. A lot of plain-text links, not much flashy graphics. This is in stark contrast to Diigo, another popular Delicious alternative, and more in keeping with the bare-bones Delicious aesthetic.
Adding a bookmark
is rather similar to Delicious itself. As you can see, there's tag auto-completion. One interesting addition (compared to Delicious) is the ability to mark a link as "read later". Pinboard maintains a Read-it-Later (or Instapaper) style reading list, and can even auto-mark links as read once you click them from the service.
Much like Delicious, Pinboard has its own popular links
list, letting you follow what's hot and interesting. Since it's still a niche service (and might always be one), the list tends to be a bit more interesting.
Another unique Pinboard idea is notes
. A note is basically a bunch of plain text, as can be expected. It's pretty brilliant: You just write your note, tag it, and save it. The note gets a Pinboard URL, and is saved right along with all of your bookmarks. It can either be public or private. Really brilliant, and it begs for a simple Android UI (in fact, it may already have one – if you guys know of a compatible notes app for Android, let me know in the comments).
The History feature is a nice touch: When you click the History link on the header, you get a list of "recently clicked" links from your account, so you can see where you went and what bookmarks you clicked. I tested it with someone else who clicked a link from my profile, but I could not see the click in my History page. Apparently it's only my own personal click trail.
There are quite a few settings
. You toggle tag auto-completion, add bookmarks as private by default, pair the service up with your Twitter feed, your existing Delicious account, or a bunch of other services, and more.
Despite its similarity to Delicious, there are a few new things to learn. That's where the docs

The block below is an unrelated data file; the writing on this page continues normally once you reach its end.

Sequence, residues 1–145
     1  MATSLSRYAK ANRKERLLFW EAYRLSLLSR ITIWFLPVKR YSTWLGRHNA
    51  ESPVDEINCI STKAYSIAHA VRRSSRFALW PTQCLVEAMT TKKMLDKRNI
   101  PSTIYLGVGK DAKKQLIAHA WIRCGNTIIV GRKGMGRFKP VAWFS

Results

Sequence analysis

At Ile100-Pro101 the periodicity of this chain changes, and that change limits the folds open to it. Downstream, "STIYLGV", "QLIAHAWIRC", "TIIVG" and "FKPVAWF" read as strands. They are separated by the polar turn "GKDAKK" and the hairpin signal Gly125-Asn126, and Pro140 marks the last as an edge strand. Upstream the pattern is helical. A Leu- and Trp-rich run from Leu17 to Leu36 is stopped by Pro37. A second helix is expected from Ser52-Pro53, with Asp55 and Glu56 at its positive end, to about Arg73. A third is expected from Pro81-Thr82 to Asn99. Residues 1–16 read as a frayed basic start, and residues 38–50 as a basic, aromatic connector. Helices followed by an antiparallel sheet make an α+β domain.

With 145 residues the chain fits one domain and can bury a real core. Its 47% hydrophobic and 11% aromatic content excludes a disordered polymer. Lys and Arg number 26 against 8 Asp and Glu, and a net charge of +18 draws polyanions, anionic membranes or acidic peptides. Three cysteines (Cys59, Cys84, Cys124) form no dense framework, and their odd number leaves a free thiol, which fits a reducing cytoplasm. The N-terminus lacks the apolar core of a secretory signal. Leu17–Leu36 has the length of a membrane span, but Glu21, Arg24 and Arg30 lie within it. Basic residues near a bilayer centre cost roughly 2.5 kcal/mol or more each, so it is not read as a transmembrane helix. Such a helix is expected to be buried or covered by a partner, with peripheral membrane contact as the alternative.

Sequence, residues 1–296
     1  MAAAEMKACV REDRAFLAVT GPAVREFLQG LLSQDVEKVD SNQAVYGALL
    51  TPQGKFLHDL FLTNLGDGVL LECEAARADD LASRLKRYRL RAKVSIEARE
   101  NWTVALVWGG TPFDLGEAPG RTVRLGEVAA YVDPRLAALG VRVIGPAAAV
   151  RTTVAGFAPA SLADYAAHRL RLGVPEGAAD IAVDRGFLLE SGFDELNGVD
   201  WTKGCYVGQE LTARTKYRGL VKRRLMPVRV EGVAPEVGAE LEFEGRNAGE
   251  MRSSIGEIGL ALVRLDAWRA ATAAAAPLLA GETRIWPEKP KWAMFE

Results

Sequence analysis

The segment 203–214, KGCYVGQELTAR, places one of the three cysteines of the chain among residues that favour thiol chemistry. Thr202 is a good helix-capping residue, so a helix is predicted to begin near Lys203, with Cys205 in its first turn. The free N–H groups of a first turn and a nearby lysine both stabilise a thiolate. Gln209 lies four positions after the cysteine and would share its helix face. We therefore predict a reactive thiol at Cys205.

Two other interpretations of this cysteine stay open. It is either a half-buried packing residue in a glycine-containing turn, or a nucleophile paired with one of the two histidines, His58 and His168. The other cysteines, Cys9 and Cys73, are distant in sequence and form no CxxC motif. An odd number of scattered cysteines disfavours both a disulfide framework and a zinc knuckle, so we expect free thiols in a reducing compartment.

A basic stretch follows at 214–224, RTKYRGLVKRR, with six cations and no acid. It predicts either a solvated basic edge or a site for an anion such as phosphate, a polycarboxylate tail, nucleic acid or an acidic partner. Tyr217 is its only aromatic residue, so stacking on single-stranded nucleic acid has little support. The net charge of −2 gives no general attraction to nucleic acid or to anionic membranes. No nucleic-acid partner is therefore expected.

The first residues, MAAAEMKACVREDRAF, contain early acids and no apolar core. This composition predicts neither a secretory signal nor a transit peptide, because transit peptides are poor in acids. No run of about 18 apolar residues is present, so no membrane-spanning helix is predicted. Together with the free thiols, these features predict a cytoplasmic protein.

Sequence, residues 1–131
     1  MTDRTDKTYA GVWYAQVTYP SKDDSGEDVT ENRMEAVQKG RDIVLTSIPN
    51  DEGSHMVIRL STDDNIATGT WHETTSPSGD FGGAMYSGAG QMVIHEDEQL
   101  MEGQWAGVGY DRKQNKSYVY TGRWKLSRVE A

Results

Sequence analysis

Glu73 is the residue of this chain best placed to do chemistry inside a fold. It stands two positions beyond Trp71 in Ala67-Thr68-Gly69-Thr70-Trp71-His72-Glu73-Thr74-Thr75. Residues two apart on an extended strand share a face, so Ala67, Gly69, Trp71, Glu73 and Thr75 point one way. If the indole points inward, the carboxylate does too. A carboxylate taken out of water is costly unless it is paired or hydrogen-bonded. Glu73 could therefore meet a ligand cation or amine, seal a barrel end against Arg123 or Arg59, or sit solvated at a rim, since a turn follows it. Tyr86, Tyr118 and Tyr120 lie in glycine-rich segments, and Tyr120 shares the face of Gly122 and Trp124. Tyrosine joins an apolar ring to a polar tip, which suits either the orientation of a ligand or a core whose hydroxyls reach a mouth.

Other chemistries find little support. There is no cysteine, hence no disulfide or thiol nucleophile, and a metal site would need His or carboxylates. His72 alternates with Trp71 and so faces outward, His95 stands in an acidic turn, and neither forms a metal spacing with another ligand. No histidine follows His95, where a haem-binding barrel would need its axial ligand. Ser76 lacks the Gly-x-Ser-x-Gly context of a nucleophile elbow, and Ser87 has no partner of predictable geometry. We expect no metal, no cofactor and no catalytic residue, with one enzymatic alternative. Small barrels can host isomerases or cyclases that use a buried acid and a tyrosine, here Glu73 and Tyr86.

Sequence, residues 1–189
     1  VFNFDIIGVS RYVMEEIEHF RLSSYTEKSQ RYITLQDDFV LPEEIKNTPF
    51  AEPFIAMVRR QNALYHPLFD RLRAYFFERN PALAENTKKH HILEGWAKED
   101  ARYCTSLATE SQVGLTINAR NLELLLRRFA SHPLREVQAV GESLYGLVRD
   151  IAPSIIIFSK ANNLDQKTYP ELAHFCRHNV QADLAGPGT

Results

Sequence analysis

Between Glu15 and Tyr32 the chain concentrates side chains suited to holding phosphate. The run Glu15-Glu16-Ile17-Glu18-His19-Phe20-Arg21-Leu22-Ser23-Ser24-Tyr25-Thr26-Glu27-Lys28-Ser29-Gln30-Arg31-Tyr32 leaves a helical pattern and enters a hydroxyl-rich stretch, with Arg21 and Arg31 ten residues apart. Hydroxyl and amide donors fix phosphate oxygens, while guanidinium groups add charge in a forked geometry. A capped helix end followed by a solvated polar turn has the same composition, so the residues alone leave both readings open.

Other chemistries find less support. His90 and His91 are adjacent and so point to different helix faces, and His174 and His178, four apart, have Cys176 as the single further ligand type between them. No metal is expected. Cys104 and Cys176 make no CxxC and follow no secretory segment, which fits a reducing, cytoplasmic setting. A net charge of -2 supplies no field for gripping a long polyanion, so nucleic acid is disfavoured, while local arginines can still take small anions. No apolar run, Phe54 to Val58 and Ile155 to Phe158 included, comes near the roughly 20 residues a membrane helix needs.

come in handy. While there are no video tutorials (too bad), the text is straightforward and easy to understand. You get a variety of bookmarklets for adding the current page to your bookmark collection, there are lots of import and export options, etc.
There's an unofficial Chrome extension
based on Felicious (a good Delicious add-on for Chrome). It works well for adding new bookmarks with keyboard shortcuts (I just bound Ctrl-D to add a new Pinboad bookmark), but for some reason its tag search features simply don't work for me. You might have better luck. At any rate, what's important to me is saving
new bookmarks, and it does work well.
Pinboard has a mobile-friendly version at m.pinboard.in
. I tested it on Android and it's as utilitarian as can be; basically a long, long list of links and tags. It loads very quickly, which is nice. It's a tad lacking in functionality still: There's no tag cloud. If they ever added this one feature, I'd say the mobile version is perfect.
Pinboard feels solid, fast, and trustworthy. I've only been using it for a few days, but I've been quite impressed so far. It gets the job done. If you're serious about social bookmarking, you could definitely do worse than switch to Pinboard.